Visit Arches and discover a landscape of contrasting colors, landforms and textures unlike any other in the world. The park has over 2,000 natural stone arches, in addition to hundreds of soaring pinnacles, massive fins and giant balanced rocks. This red rock wonderland will amaze you with its formations, refresh you with its trails, and inspire you with its sunsets.
A rugged, whitewater river flowing northward through deep canyons, the New River is among the oldest rivers on the continent. New River Gorge National River in West Virginia encompasses over 70,000 acres of land along the New River, is rich in cultural and natural history, and offers an abundance of scenic and recreational opportunities.
Denali is six million acres of wild land, bisected by one ribbon of road. Travelers along it see the relatively low-elevation taiga forest give way to high alpine tundra and snowy mountains, culminating in North America's tallest peak, 20,310' Denali. Wild animals large and small roam un-fenced lands, living as they have for ages. Solitude, tranquility and wilderness await.
DOINews: Upcoming Webinar - Making Climate Change Data Relevant at a Local Scale
NE CSC News Announcement
Dan Vimont, an investigator with the Northeast Climate Science Center (NE CSC), will be giving a webinar next week on research funded by the Upper Midwest/Great Lakes Landscape Conservation Cooperative titled, "Making Climate Change Data Relevant at a Local Scale".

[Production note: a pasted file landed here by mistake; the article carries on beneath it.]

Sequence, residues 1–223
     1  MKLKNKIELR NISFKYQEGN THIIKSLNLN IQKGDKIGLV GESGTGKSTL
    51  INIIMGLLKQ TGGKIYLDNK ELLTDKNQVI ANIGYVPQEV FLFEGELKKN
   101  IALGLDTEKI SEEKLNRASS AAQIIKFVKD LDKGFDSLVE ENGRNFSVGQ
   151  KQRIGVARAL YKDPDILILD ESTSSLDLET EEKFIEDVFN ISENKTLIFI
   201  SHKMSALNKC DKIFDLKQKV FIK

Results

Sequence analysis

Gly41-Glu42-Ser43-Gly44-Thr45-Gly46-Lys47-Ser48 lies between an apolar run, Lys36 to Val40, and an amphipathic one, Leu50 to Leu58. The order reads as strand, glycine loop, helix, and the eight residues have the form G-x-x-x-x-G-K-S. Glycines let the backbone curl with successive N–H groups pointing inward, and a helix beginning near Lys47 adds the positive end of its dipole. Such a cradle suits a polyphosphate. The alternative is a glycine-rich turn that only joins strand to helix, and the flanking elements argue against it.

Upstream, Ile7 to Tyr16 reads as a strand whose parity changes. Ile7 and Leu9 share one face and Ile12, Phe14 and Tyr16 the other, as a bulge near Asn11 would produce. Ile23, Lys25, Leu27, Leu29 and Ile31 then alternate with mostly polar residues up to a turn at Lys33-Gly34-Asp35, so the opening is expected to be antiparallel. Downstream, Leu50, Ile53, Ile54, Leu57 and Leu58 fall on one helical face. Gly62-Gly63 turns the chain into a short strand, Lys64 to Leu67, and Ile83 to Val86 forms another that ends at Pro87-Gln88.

Description: Global climate models project that Earth's temperature will warm by about 2°-4°C (about 3°-7°F) in the coming century. But what does that mean for communities, natural resource managers, and other local interests? And how can climate scientists ensure that climate data is useful to a wide range of individuals with different data needs?
In this webinar we will present a newly developed set of “downscaled” climate data that was developed in cooperation with the Upper Midwest / Great Lakes Landscape Conservation Cooperative. A novel aspect of this downscaled data is that the technique was developed after conversations with a wide variety of people who would be using the data. As a result, the dataset is flexible enough to address a number of research and assessment needs. The webinar will address the following questions:
How can we develop climate data that is useful to a wide variety of communities who will be using that data?
How might climate change be evident in phenomena that are relevant for impacts, such as extreme warmth, duration of heat waves, and precipitation intensity?
How can we ensure that uncertainty in future projections of local and regional climate change is accounted for in climate assessment?
Dan Vimont is an Associate Professor of Atmospheric and Oceanic Sciences at the University of Wisconsin – Madison, and is the Bryson Distinguished Professor of Climate, People, and the Environment. He conducts both fundamental and applied climate research. One focus area of Dan's research includes assessing regional impacts of climate change; he serves as the co–chair of the Wisconsin Initiative on Climate Change Impacts (WICCI) Science Council and the WICCI Climate Working Group. The WICCI Climate Working Group, funded by the Upper Midwest / Great Lakes Landscape Conservation Cooperative, has recently developed a set of downscaled daily climate projections for the Eastern United States.